WILLISTON >> Vermonters want to grow older in their own homes, but programs such as Medicare won't pay doctors to visit their patients at home. That leads to a system where both doctors and patients are unhappy.

With few exceptions, Vermont doctors are paid when patients come into their offices, not when doctors make house calls. And ambulance crews that show up at someone's home get paid only if they need to take the patient to the hospital.

Those were conclusions from doctors involved in the Frail Elders Project through the Vermont Medical Society's Education and Research Foundation. They are encouraging leaders in health care reform to adopt new practices and change this phenomenon.

"Since the Nixon administration, we've done payment reform, and it doesn't do anything," said Dr. Cyrus Jordan from the foundation. "The cost just keeps going up."

Jordan and nearly a dozen others in the study group are suggesting the care delivery system be turned on its head. Instead of delivering care to seniors based on what programs like Medicare pay for, the group suggests paying for the care that seniors want and that will keep them healthy.

Dr. Fay Homan, a primary care physician who was a member of the study group, pointed to her patient who wanted to grow old and die in the farmhouse where she and her husband lived for years. Homan said the current system made it difficult for her team to care for the woman, even though she lived two doors down from the farmhouse.


Dr. Milt Fowler, another primary care doctor, said health care reform efforts in the last 15 years have made it hard to have face time with his patients. "There's 50/50 computer, face-to-face time where you really don't have any time to look at the subtle issues that are bubbling up with these seniors," he said.

"We don't have time for house-call visits," Fowler said. "You cannot believe how much more you get out of a visit one on one, in the home. Patients are not satisfied with the system, and certainly I'm not satisfied with the system."

As part of the Frail Elders Project, the group surveyed seniors with "complex health and psychosocial needs" who were at risk of seeing their health or quality of life decline. The seniors sought similar things when it came to their health care, the group found.

The seniors often said "independence, functional capacity, and deriving satisfaction and meaning from their daily activities" were important. Additionally, survey participants wanted financial security, social connection to friends and family, and to be "treated with respect and dignity" according to the study.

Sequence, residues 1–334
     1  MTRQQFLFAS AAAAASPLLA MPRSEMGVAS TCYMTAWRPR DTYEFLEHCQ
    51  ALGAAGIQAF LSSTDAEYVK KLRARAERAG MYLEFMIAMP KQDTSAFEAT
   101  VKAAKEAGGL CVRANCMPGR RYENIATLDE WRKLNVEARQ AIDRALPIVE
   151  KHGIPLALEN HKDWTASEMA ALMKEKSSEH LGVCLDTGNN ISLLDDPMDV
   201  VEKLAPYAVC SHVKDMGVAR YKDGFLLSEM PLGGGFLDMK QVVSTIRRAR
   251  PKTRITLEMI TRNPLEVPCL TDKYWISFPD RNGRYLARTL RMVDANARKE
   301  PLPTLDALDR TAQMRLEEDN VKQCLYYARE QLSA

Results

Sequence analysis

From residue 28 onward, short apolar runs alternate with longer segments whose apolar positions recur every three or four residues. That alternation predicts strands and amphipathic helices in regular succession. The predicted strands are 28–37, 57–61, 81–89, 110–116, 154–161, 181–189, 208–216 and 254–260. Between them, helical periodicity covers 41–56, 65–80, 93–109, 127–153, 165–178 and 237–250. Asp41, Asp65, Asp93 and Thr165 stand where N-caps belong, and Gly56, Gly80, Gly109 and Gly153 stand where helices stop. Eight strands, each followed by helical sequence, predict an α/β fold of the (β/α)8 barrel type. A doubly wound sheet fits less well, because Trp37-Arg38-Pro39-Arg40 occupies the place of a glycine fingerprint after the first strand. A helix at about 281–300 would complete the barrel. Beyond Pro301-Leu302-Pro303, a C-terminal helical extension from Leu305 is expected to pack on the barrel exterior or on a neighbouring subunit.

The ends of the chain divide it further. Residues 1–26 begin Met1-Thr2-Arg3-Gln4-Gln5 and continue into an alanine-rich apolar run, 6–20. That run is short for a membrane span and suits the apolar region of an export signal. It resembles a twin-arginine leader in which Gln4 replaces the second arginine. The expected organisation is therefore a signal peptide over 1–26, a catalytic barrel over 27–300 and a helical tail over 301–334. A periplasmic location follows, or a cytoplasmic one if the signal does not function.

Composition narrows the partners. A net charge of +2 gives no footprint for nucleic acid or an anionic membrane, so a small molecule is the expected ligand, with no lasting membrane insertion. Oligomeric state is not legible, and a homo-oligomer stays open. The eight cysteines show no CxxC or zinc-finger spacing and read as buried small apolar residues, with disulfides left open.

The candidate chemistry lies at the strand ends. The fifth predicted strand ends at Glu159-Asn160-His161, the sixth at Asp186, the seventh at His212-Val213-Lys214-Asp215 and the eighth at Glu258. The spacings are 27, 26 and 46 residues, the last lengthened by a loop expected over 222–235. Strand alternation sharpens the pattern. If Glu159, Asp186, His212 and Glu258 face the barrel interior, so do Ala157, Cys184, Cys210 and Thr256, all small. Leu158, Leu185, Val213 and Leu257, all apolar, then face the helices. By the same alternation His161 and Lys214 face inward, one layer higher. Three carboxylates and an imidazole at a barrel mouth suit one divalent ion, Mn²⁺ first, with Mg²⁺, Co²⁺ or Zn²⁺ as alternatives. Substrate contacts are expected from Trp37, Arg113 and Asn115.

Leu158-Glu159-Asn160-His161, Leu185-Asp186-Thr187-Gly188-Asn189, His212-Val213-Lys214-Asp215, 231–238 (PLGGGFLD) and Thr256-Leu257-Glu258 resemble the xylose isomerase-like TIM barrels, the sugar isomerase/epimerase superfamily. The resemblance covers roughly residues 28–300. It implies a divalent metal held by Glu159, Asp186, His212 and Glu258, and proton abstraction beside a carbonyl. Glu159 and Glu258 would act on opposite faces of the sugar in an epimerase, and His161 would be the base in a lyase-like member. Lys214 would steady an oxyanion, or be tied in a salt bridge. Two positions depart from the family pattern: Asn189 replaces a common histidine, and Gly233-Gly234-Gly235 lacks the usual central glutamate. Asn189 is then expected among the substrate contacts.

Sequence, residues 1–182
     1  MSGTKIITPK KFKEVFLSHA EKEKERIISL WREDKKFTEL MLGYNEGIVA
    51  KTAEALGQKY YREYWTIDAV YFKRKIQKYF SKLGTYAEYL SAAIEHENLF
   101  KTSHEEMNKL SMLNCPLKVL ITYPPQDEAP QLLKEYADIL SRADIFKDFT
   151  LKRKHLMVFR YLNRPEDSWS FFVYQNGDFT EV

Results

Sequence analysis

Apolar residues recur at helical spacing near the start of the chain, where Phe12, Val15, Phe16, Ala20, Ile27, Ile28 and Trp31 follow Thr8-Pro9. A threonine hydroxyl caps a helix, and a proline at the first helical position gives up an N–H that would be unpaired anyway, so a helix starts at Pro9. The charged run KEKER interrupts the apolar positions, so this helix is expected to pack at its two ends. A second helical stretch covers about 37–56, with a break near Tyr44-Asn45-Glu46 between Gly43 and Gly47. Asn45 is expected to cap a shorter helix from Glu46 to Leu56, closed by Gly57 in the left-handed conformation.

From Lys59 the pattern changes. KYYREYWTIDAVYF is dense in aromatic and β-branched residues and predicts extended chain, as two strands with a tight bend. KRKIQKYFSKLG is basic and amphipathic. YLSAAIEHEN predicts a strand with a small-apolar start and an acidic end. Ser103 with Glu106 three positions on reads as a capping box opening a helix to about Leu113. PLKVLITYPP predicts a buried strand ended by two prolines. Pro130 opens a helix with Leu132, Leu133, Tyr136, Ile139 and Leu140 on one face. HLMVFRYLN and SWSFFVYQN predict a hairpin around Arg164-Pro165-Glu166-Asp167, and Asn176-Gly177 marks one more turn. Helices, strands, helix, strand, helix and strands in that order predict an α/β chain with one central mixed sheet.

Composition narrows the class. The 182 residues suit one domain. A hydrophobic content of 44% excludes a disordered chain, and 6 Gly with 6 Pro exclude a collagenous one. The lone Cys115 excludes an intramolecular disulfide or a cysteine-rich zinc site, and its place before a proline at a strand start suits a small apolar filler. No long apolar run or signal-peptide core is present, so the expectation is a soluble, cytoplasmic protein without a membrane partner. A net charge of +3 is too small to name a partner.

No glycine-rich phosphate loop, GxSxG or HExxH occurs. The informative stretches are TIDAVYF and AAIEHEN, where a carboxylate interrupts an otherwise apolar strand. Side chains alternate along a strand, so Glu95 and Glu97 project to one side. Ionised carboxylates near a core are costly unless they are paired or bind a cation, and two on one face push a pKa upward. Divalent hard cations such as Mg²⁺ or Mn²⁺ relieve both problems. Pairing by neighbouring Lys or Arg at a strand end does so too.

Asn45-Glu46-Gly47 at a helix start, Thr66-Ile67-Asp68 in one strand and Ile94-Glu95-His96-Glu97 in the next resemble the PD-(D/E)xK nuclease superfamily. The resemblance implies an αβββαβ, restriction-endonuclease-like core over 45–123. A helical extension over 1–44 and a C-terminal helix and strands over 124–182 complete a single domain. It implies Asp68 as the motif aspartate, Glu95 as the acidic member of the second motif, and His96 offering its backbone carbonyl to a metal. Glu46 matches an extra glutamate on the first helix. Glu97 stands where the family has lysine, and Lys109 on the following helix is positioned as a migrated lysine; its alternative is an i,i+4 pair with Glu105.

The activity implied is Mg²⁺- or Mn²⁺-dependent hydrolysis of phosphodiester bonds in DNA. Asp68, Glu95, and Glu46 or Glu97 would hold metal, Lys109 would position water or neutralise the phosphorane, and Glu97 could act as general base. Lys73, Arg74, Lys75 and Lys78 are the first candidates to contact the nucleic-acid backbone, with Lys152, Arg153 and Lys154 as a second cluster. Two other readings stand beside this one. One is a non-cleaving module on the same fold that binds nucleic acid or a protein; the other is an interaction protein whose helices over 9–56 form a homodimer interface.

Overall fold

health care

As part of the study, the doctors point to two models for health care for seniors that they say Vermont could adopt: the Commonwealth Care Alliance in Massachusetts, and a federally funded program called Independence at Home.

Dr. Josh Plavin, left, appears before a payment reform group at the Department of Vermont Health Access headquarters in Williston. Paul Harrington, right,
Dr. Josh Plavin, left, appears before a payment reform group at the Department of Vermont Health Access headquarters in Williston. Paul Harrington, right, is the executive vice president of the Vermont Medical Society. (Photo by Erin Mansfield/VTDigger)

Homan compared the idea of caring for frail seniors to concierge medicine, in which wealthy patients pay their doctors an annual fee to be on call 24 hours a day. She said frail seniors need a health care team that can be on call around the clock to assist them at home.

"We have an opportunity potentially if the all-payer model moves forward," said Dr. Josh Plavin, who led the study. He said government programs like Medicare could pay for bundles of services to patients and set the price based on the medical history of the population.

"Payment reform in and of itself is not enough," Plavin said. "If you actually change the delivery system you're shifting care from hospitals and the (emergency rooms) to the home."